KiwiSDR Soon to Accept General Orders

Back in April 2016 the KiwiSDR was successfully funded on Kickstarter. Since then almost all the rewards have been mailed out and the number of worldwide receivers available on has increased. KiwiSDR is an SDR cape (add on) for the BeagleBone Black/Green embedded computer which covers 0 – 30 MHz with 30 MHz bandwidth. It’s main purpose is to be used as a web based remote receiver which can be publicly accessed by many users.

Over on the Kickstarter updates page we see news that Seeed Studio is taking over the production and distribution of the KiwiSDR, and soon you’ll be able to order the KiwiSDR cape directly from their online Bazaar. Seeed studio is the same company that produces several other capes for the BeagleBone and they also produce the BeagleBone Green which is needed to run the KiwiSDR. They write:

We are very pleased to announce an agreement for Seeed Studio to take over production and distribution of the KiwiSDR going forward. What does this mean? Until now Seeed only had a contract with us to produce the Kickstarter rewards and pre-orders. Now Seeed will add the KiwiSDR to their family of BeagleBone capes they manufacture and distribute. Very soon you’ll be able to order the KiwiSDR directly from Seeed’s online Bazaar, pay directly with a credit card or Paypal and use their shipping system.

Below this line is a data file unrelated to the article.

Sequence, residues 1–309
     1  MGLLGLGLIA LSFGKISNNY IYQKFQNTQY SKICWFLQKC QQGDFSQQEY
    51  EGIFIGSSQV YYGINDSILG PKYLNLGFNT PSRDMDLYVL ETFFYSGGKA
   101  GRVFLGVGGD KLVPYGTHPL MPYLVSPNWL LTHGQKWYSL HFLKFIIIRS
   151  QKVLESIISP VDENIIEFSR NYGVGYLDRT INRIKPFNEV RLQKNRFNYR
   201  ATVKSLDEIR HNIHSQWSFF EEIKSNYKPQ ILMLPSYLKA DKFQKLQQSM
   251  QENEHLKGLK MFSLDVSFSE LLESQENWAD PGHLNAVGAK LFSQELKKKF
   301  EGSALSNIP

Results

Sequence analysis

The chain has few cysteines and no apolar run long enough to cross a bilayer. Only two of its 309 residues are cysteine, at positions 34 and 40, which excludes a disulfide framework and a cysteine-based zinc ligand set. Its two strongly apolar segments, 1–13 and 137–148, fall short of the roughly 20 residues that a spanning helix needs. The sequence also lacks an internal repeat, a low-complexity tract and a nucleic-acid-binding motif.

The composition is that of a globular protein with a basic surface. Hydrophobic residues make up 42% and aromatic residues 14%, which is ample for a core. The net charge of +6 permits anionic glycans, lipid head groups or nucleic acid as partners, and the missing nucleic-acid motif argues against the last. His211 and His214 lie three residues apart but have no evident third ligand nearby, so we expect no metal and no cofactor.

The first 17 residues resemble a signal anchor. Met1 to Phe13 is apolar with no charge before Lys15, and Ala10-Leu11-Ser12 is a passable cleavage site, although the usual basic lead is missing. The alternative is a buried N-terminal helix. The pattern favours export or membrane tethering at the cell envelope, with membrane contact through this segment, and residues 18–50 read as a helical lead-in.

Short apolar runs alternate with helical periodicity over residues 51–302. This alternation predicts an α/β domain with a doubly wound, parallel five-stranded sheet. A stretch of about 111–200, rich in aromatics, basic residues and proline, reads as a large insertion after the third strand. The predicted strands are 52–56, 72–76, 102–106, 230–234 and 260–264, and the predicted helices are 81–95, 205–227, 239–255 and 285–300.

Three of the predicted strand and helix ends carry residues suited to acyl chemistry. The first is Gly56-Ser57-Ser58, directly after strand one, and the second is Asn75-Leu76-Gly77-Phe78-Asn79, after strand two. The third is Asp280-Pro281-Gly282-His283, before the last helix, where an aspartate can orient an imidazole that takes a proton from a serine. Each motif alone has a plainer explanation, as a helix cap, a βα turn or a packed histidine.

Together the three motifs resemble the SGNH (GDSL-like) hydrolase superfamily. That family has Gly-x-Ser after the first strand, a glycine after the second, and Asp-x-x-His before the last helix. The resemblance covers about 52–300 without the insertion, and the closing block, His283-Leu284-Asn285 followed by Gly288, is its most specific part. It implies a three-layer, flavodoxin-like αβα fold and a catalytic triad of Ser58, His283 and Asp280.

For us, and you as Kiwi owners, this is a very positive development. It means soon we’ll be able to devote the majority of our time to software development and providing you support. And as you probably know there is a large list of bugs, feature requests, extensions, distributed experiments and educational material we’d like to be working on instead of worrying about shipping and manufacturing issues. Improving the software is the best way to differentiate ourselves in a crowded SDR marketplace.

We would appreciate it if you would continue to purchase from us until our stock is depleted. Seeed has already manufactured a significant number of units alongside our prior build and will be able to meet the demand immediately. We thank everyone at Seeed for their fantastic effort in making KiwiSDR a reality.



  1. ___

    I have a 30m loop antenna connected to mine.. So, naturally, 30m is great and most of the other bands are noise.

    The device is a bit of a novelty at this point. There are some major enhancements which could really make this thing shine.

  2. Jim B

    I was a $25 donor to that kickstarter; I don’t want to set up a system, but I wanted to encourage the project so I could log in to other systems around the world and check out their local radio activity.

    However, for the ones which are set up I’ve found many of them have terrible reception, with large bands containing nothing but noise. I’m not sure if they aren’t configured properly, or have poor antennas or what. I am hoping that things will improve over time.

    • John Seamons

      Yes, antennas and noise reduction will always be a challenge and limiting factor. But there are a fair number on now that have excellent reception. When we brought up the first prototype the noise was awful and we didn’t know if it was a fatal design flaw or self-interference from the Beagle. It was only after an early beta test unit was setup in the woods 150 km north of Stockholm that we saw how good the noise floor could be.

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